Personally I prefer to stay with tier 1 and 2 loads around here. Tier one stuff is just fun to shoot and as "weak" as some say it is they'll kill a deer no problem. Hell, the standard 45 Colt load had to kill horses. That was a military requirement for the gun/ammo combo in 1873. Stiff tier 2 loads might not go through a bison (it'll come close) but it will certainly drop deer, black bear, hogs and whatever else wanders around MO and the immediate surrounding area. Tier 3, like I said before is for out West.

I've always been interested in how these big bore calibers came to be and how they evolved into what we have today. I also find it rather interesting that the 45-70 has been worked up to a modern level as well. It's my understanding that in Africa a good old Marlin guide gun in 45-70 is fast becoming the choice of gun for a lot of the big game guides. They use either Garrett, BB loads or handload them hot with heavy hardcast bullets. These guys are reporting back that these loads are going through big stuff from front to back.. I used to think that more has to be better but that's been proven to be not so time and time again. A buddy of mine used to laugh at me when I sat around concocting my next super duper whiz bang load for a 357 or 44 mag. He used to load hot 44 specials with Keith hardcast slugs and went out and killed about everything that walked with his Colt SAA. I should have paid a little more attention to what he was doing about 35 years ago. LOL!
post #2632 of 3148
Did some shooting this weekend, first time in a few years, and I forgot what a blast it is to be out in the boonies and blasting away. I brought my two handguns, my G23 (mid sized frame Glock .40 caliber) and my Kahr 9mm (really a nice slim gun) and my friend brought two Rugers, a 10/22 and a Mini-14. Holy fuck! 50 round clip in his 10/22 and it was a blast. I want both but think I'll grab the 10/22 first. The basic model is just $200 or so and so many modifications you can do. I'll get a tough looking stock and a laser site for it and pretend I'm Rambo.
post #2633 of 3148
So this is happening:

0710e1ee-bde3-4ebb-8d4c-ba348df8984e_zpsbaea3ca1.jpg

$200 for the Ruger 10/22 basic carbine. We joined a nearby outdoor shooting range ($100 for both of us) and had a great time Friday morning shooting. Both staff and other shooters were super polite and friendly and we cannot wait to go back.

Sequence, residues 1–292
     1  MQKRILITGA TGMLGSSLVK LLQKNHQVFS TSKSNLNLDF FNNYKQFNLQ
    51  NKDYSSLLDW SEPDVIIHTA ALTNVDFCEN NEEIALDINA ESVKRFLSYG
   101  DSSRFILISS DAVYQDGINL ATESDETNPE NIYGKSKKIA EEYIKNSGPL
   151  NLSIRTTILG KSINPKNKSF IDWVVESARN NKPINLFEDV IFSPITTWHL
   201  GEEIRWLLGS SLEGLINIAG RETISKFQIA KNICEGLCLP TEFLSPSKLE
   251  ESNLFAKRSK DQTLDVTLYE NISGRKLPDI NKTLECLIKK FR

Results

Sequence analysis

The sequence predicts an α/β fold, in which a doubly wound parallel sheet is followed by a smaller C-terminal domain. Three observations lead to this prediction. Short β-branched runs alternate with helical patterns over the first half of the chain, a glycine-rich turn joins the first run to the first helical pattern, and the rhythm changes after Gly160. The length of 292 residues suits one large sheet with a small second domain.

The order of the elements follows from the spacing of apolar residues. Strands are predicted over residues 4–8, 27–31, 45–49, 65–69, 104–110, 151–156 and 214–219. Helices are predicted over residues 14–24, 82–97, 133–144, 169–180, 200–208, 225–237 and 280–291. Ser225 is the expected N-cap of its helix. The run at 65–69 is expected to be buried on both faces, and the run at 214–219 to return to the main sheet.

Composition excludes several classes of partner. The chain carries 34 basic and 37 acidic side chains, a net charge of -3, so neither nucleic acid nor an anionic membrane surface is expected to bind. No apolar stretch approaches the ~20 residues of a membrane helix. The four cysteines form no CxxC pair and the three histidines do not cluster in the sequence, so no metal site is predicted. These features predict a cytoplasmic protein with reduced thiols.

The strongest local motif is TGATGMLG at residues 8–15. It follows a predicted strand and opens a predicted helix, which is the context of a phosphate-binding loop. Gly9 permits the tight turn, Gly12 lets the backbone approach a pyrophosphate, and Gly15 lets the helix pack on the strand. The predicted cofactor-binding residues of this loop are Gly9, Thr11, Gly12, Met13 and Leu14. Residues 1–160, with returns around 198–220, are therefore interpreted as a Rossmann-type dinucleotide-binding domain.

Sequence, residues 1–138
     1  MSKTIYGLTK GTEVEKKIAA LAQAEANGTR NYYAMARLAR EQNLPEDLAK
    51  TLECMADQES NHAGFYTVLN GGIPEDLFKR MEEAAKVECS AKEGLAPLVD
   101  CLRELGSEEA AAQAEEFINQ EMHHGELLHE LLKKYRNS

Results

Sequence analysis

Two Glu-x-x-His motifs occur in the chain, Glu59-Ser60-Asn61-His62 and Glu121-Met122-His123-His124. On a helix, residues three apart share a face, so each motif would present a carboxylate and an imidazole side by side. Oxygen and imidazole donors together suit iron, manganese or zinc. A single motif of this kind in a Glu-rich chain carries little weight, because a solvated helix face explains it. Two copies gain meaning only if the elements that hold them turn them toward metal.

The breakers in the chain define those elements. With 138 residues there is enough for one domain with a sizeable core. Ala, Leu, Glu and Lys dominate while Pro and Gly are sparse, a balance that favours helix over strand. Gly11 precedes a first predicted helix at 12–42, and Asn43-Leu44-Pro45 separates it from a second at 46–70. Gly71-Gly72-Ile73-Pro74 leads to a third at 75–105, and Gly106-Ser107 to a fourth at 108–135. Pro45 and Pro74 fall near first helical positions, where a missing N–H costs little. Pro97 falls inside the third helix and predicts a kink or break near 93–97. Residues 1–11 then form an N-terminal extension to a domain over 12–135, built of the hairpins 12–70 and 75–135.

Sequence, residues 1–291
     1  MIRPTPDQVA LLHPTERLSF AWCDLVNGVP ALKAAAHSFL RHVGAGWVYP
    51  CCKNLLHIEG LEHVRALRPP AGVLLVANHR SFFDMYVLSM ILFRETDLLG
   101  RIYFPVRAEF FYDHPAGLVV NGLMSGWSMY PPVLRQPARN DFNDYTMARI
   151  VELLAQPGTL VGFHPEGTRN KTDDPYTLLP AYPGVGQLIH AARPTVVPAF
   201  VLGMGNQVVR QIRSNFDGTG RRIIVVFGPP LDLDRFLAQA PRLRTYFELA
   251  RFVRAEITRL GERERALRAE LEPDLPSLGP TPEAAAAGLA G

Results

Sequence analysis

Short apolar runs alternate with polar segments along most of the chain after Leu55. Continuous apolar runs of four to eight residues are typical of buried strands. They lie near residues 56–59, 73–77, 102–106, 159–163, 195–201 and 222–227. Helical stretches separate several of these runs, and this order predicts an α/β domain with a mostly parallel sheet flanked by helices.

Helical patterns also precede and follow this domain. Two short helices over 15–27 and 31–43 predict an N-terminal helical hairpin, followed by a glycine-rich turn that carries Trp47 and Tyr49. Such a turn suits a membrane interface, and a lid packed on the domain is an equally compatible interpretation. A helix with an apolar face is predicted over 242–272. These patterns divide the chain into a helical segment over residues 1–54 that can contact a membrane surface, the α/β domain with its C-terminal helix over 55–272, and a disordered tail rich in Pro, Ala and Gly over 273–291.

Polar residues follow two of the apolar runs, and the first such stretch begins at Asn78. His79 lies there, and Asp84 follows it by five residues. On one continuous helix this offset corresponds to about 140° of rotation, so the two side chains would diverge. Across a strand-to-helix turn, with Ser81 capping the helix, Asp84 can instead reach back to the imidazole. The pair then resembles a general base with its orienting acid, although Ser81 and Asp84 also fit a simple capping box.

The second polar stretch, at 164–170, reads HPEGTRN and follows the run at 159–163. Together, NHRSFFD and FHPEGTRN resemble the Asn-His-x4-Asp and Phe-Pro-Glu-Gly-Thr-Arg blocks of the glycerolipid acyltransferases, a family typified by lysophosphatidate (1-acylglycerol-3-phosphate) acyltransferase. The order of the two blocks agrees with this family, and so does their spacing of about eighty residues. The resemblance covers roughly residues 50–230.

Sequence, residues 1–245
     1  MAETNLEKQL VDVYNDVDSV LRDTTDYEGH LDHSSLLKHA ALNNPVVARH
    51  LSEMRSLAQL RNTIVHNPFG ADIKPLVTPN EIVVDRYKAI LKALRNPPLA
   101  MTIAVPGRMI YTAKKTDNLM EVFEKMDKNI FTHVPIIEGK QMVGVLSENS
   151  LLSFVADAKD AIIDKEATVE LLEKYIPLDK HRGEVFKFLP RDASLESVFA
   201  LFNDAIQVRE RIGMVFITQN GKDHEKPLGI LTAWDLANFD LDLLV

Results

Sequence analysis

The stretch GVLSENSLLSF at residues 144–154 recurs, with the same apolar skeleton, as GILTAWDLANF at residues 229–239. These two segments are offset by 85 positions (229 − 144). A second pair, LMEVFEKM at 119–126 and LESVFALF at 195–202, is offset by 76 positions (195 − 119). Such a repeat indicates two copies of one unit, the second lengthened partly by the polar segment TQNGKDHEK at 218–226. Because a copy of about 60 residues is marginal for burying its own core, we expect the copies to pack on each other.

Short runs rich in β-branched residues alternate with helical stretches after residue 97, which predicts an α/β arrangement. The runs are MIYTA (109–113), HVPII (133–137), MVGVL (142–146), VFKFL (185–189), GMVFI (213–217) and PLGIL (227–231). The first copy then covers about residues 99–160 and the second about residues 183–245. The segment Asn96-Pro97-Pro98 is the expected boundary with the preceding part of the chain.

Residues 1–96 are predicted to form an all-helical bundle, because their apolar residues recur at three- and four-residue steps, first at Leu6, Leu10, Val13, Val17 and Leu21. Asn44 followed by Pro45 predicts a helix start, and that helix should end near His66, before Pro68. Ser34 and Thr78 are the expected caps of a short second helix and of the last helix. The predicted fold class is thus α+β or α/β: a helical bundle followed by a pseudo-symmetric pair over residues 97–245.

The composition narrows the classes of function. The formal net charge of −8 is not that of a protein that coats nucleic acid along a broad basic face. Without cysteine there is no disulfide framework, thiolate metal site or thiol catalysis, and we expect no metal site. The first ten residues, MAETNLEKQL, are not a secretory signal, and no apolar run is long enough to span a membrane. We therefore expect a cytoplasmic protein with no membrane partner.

So I'm looking for a scope for this. I've gotten expert input and will probably pick up a Simmons. I'm trying to decide whether to leave the rest of it factory or pick up some kind of "tacticool" looking stock like the ATI with adjustable and foldable stock. Still up in the air on that.

Next year I'm planning to buy something bigger. Thinking Mini 14 or AR-15. I figure there are some folks here with opinions and experience. So Mini or AR, and if AR, which one and why? As always with me I'm a value shopper and do not plan to spend 2k or more on a complete package.
post #2634 of 3148
Quote:
Originally Posted by Piobaire View Post

So this is happening:

0710e1ee-bde3-4ebb-8d4c-ba348df8984e_zpsbaea3ca1.jpg

$200 for the Ruger 10/22 basic carbine. We joined a nearby outdoor shooting range ($100 for both of us) and had a great time Friday morning shooting. Both staff and other shooters were super polite and friendly and we cannot wait to go back.

So I'm looking for a scope for this. I've gotten expert input and will probably pick up a Simmons. I'm trying to decide whether to leave the rest of it factory or pick up some kind of "tacticool" looking stock like the ATI with adjustable and foldable stock. Still up in the air on that.

Next year I'm planning to buy something bigger. Thinking Mini 14 or AR-15. I figure there are some folks here with opinions and experience. So Mini or AR, and if AR, which one and why? As always with me I'm a value shopper and do not plan to spend 2k or more on a complete package.

I like the mini-14, my friend bought one and let me break it in with him. He just got the ranch model, but it was fun to shoot and dead on accurate.
post #2635 of 3148
Quote:
Originally Posted by brokencycle View Post


I like the mini-14, my friend bought one and let me break it in with him. He just got the ranch model, but it was fun to shoot and dead on accurate.

 

I heard within the last several years Ruger upgraded the machinery that they manufactured the mini 14 on. Previously they used the same machines to make them since the 1970s, and accuracy had become a major issue as tolerances suffered when the machines more out. I can tell you this, my mini 14, one of the newer models, gets sub MOA accuracy with an accu-strut added. It's great.

post #2636 of 3148

Btw, if it's a choice between mini and AR, it's AR all the way. Magazines are more plentiful, it generally has more accuracy potential, accessories are plentiful, and it is, of course, much more modular than the mini. Besides that, if you get a Colt, or the like, you are investing in a military grade machine. There is DEFINITELY something to be said for that.

post #2637 of 3148
Quote:
Originally Posted by Caustic Man View Post

Btw, if it's a choice between mini and AR, it's AR all the way. Magazines are more plentiful, it generally has more accuracy potential, accessories are plentiful, and it is, of course, much more modular than the mini. Besides that, if you get a Colt, or the like, you are investing in a military grade machine. There is DEFINITELY something to be said for that.

Some of these are more important than the others to me. For me cost is probably paramount as a) I'm cheap and b) this is just a minor pastime. I'm never going to be a target shooter and if I can get 4" groupings at 100 yards I'll ecstatic. I understand some ARs are better than others and the AR is in general more expensive than the Mini?
post #2638 of 3148
Quote:
Originally Posted by Piobaire View Post

I understand some ARs are better than others and the AR is in general more expensive than the Mini?

 

This depends. When I bought my mini 14 back in 2008 it cost me about $750 in California. I don't know what it would be now but I assume it would be more. A Colt AR is around 1100.00 on Buds, but you can get other makers for considerably less. Just depends on what you want to do with it I guess. A mini is a fine trunk gun, or plinker. An AR is, generally, a high performance military style weapon.

post #2639 of 3148
If it's just for the range why not get a .22 version?
post #2640 of 3148
Quote:
Originally Posted by Hayward View Post

If it's just for the range why not get a .22 version?

You mean, like this?
Quote:
Originally Posted by Piobaire View Post

So this is happening:

0710e1ee-bde3-4ebb-8d4c-ba348df8984e_zpsbaea3ca1.jpg

$200 for the Ruger 10/22 basic carbine.